You probably let it just come and go… you probably missed the day all together. How could you? June 24th was take your dog to work day. Everyone should participate in this great day. At my office we celebrate it EVERY DAY! I guess this is just one of the small benefits of the home office. Sure there are plenty of difficulties but they all melt away when it is just me, my books, the laptop, and my dog.
You can’t live within the throws of suburbia without an all-american dog! You don’t have to have three of them like we do we but everyone needs at least one. We brought Shiner home just after Christmas this year as an eight-week-old puppy. He is definitely my dog. I house trained him. I stayed up at night with him when he first came home. I feed him. And, I train him. But I LOVE doing it. He is our second Labrador Retriever. Our older one is about twelve-years-old now. He and I didn’t bond in the same way because he had to spend a good chunk of time away from us early on in his life.
Why in the world am I telling you about my dog? I know that is what you thinking… Aside from the fact that I can because this is my site, he does fit into the larger theme of things here at Suburbia Uncovered. Shiner has been one of the greatest conversation points between me and my neighbors over the past 6 months. He has also forced me to GET OUTSIDE. There is something about a well behaved dog that brings comfort and conversation between strangers. It is no exaggeration that my relationship with the man who lives directly across the street from us has exploded over the past six months for no other reason aside from us finding common ground through my dog.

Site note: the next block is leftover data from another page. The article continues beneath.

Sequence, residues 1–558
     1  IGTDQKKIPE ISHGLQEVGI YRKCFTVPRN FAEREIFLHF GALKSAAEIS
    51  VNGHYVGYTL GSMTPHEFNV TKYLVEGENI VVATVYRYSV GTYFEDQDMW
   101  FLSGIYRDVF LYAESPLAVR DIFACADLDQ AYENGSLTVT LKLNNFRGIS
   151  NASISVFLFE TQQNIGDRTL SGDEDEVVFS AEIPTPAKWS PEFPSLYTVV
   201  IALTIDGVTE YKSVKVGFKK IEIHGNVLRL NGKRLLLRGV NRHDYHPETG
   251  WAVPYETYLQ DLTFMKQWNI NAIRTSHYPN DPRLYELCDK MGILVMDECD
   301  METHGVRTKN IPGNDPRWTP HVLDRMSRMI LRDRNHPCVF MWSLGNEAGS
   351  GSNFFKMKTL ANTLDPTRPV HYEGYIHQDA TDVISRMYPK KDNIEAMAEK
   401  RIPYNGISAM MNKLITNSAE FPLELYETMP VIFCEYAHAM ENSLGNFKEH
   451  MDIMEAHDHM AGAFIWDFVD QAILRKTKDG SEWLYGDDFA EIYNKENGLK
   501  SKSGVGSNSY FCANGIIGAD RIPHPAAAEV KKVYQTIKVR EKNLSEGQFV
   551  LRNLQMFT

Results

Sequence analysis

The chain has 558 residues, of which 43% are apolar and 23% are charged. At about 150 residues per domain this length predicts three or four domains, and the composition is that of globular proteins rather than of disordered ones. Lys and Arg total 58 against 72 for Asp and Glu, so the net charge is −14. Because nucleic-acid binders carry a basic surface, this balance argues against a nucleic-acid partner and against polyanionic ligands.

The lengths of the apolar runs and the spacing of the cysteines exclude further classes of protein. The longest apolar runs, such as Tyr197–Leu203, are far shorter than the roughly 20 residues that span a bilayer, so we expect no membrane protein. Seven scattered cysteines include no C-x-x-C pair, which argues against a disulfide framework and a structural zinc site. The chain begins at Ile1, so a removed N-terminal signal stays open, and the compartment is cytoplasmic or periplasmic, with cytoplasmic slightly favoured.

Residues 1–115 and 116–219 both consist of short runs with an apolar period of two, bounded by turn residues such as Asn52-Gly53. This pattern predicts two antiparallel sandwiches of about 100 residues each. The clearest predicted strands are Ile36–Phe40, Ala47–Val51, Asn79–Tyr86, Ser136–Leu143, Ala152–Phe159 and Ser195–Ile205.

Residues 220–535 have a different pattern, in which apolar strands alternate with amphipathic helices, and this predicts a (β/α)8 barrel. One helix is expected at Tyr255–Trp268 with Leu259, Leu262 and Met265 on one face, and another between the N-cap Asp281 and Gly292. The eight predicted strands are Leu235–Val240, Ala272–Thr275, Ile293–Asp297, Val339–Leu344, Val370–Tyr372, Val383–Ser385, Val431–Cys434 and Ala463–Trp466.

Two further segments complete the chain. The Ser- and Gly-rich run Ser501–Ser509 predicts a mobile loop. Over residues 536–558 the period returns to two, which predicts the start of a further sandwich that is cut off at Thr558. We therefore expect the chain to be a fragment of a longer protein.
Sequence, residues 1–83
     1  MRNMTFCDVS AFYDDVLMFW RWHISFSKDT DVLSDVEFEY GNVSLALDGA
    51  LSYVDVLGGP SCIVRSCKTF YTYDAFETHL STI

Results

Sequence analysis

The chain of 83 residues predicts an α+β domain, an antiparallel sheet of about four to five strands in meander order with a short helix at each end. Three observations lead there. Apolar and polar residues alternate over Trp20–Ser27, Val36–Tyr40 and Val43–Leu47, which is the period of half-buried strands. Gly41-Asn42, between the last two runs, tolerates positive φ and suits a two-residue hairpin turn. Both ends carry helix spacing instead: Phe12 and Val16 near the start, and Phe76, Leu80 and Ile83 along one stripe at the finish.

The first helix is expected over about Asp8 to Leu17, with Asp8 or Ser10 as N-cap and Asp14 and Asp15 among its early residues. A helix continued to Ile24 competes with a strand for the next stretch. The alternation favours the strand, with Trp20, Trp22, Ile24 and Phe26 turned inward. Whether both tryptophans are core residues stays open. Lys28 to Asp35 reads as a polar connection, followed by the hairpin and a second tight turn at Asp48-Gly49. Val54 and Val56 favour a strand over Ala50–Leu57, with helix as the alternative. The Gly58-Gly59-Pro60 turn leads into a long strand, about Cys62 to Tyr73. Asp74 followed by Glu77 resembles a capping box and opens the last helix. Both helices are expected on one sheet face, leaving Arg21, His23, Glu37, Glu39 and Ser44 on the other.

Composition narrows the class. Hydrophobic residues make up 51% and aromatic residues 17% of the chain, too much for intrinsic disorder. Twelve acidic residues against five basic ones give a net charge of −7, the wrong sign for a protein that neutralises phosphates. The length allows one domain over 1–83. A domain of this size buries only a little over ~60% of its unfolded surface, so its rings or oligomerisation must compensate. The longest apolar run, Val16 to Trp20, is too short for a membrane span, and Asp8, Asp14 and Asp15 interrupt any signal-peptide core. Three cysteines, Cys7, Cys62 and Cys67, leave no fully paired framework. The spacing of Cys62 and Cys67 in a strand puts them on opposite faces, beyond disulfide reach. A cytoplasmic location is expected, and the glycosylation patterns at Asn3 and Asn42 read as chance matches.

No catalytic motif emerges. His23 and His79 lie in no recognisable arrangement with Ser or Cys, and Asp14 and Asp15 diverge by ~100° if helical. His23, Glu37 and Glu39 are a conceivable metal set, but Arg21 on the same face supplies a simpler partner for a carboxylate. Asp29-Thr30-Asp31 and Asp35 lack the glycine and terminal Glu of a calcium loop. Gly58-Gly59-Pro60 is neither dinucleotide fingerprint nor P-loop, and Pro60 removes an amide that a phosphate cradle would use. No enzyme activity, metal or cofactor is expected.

Shiner is fun… he is stress relief for me… and I have really enjoyed having him. But, he is also another small tool (although he is not really that small) that I can leverage in my efforts to engage life with my neighbors. Maybe you have a dog and you walk it religiously every evening around your neighborhood. I want to encourage you to view that as a God-given opportunity. Use that time to pray for the homes that you are passing. Use it to embrace new opportunities to converse with the neighbors that God has brought around you. And hey… if you don’t have a dog this is a great excuse to go out and get one – for the glory God, by all means.
The projection of perfection is the umbrella under which we suburbanites live. When I began learning how to research a culture during my doctoral studies, one of the first things we talked about was the difference between an insider and an outsider. There are both pros and cons to looking in on a culture from the outside inward. Also, there are both pros and cons to studying a culture from the inside (as an insider). I have done extensive study in the area of suburban culture. But, I am both limited by and blessed through my view as an insider of the culture.